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Published: Monday, 8/11/2003

Grand Prix attracts 10,000

Vroom! “Ladies and gentlemen, start your engines!” announced grand marshal Mike Navarre at the 2003 JA Grand Prix presented by Junior Achievement with title sponsor UAW/Daimler Chrysler National Training Center.

It was downtown Saturday in the Owens Corning World Headquarters parking lot after an invocation by JA board member Jack Altenburger and the national anthem by 11-year-old Tatiana Owens.

EARLY VICTOR: Giving the checkered flag to Doug Brimmer, driver of Dana car No. 4, is Jason Sanderson, flagman during one of the heats in the 2003 Grand Prix race at Owens Corning World Headquarters Saturday. EARLY VICTOR: Giving the checkered flag to Doug Brimmer, driver of Dana car No. 4, is Jason Sanderson, flagman during one of the heats in the 2003 Grand Prix race at Owens Corning World Headquarters Saturday.
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Race officials estimated that 10,000 spectators watched throughout the day as engines roared and karts sped by, burning rubber on straightaways and hairpin turns at the top speed of 35 m.p.h. The scene was a mini Indy 500 with checkered flags, grand stands, corporate tents, an infield and all, but minus the rowdy crowd, as this was a family affair with no alcohol.

The race, run by Premiere Karting's Kevin Greer and race consultants ARCA-American Race Car Association in Temperance, boasts a fair race, with strict rules. Each car is manufactured by the same company, two pit stops are required, and before the official winner is announced the kart is torn down to assure that there was no hanky-panky racers could be disqualified for.

Red, yellow, green, blue — just about every color of car was there, each decorated by its sponsor. PHC/Crestline Paving was the top winner, followed by Dana Corp. car No. 4, Maritz Research, and Thread, Inc. Tony Shelbourn had the honors of presenting the winners tall crystal trophies. The Best-Looking Award went to BASF Corp., but TARTA and McElheney Locksmith looked pretty snazzy, too. Meandering around was Dave White, Jr., whose company team was the inaugural winner four years ago. Mr. White said the race “builds camaraderie.” Forty-seven companies sponsored five-person teams, which include the pit crew.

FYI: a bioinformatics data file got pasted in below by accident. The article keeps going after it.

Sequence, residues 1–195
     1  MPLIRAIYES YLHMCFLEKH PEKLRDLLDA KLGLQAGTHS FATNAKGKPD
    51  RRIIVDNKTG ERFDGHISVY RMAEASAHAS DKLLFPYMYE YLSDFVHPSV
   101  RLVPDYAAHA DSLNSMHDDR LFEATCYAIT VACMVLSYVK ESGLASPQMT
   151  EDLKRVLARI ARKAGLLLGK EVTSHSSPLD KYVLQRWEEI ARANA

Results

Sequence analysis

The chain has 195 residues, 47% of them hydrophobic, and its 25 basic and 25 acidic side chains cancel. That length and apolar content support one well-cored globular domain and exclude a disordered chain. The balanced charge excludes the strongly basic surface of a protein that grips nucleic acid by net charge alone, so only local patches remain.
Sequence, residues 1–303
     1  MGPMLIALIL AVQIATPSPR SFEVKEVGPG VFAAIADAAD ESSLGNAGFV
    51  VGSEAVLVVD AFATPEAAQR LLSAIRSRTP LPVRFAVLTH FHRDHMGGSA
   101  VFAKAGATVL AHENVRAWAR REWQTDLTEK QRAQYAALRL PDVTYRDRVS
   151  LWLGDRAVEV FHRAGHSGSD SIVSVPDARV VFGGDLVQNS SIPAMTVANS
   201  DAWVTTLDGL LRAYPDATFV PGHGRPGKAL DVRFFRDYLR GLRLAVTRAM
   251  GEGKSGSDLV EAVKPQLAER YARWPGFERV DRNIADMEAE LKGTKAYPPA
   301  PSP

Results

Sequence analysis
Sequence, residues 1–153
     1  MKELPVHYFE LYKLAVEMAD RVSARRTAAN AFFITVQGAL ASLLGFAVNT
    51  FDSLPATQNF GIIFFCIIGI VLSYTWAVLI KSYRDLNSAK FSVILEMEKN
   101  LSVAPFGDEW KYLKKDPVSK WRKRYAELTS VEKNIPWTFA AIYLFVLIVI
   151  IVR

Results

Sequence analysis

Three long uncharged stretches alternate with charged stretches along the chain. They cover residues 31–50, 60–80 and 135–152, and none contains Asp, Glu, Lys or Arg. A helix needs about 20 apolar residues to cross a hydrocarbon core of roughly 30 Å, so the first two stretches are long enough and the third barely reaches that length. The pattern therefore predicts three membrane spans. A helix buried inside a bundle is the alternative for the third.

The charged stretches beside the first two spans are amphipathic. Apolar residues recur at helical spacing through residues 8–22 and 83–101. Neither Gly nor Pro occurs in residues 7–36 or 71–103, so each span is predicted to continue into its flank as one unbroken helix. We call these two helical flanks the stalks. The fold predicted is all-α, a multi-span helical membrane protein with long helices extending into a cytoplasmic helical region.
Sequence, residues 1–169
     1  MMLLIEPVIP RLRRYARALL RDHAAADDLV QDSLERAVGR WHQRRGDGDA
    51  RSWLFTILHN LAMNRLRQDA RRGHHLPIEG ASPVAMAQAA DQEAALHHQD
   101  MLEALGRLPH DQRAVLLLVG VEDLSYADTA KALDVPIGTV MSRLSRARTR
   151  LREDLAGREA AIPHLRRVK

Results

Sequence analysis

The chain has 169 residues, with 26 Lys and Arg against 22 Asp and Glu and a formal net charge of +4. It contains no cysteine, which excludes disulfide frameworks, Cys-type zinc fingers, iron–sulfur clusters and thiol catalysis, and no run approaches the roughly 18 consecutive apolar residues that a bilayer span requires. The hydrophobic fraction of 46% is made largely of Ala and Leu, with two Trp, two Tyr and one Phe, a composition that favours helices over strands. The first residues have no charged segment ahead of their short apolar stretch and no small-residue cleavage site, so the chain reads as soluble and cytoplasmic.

TIME FOR A CHANGE: McElheney Locksmith's car No. 69 pulls into pit row for a switch of drivers and a tire. TIME FOR A CHANGE: McElheney Locksmith's car No. 69 pulls into pit row for a switch of drivers and a tire.
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Junior Achievement's purpose is “to educate and inspire young people to value free enterprise, business, and economics to improve the quality of their lives.” To accomplish this mission, JA practices and promotes integrity, respect, personal development, enterprising spirit, and teamwork through classroom education in grades K-12, provided by trained volunteers. This race was a fund-raiser as well as a friend-raiser and good example to young people about sportsmanship.

More than 300 volunteers — fed by Fricker's and Marco's Pizza — made the event happen. Event chairman was Mike Burns, event manager was Kathy Gries, and board president is Zac Isaac. Committee chairmen were Sibby Slagle, Patrick Mollenkamp, Judy McFarland, Scott Goodwin, Tim Bublick, Jack Randolph, Matt Bedee, Mark V'Soske, and Kristie Moses. The steering committee included, among others, George Baibak, Bill Bernard, Steve DeDonato, Larry Howe, Jim Nowak, Tom Waniewski, Mr. Shelbourn, and Kevin Greer.

It took all day Friday until 11 p.m. to set up and a half day Sunday to finish tearing down. Six semi-trucks of tires — approximately 2,500 — were used to lay the half-mile track. Two miles of fencing were used, along with oodles of water barrels used as barriers for safety measures. Several board members helped, too, including Rollie Abel, who was a “sweeperette.” He made sure things stayed tidy. Helyn Bolanis tended to the VIP's tent. Mr. Bublick did the fencing. Mr. DeDonato tooled around in a golf cart all day, delivering ice and cold beverages. Mr. Howe ran the race team check-in, starting at 5 a.m. John Rhodes was showing the concept cars. Jack Randolph helped setting up and tearing down but missed the race, since it was his 25th high school reunion.

EVENING FUN: From left, Richard, Claire and Denise Arnos of Ottawa Hills enjoy a drive-in movie. EVENING FUN: From left, Richard, Claire and Denise Arnos of Ottawa Hills enjoy a drive-in movie.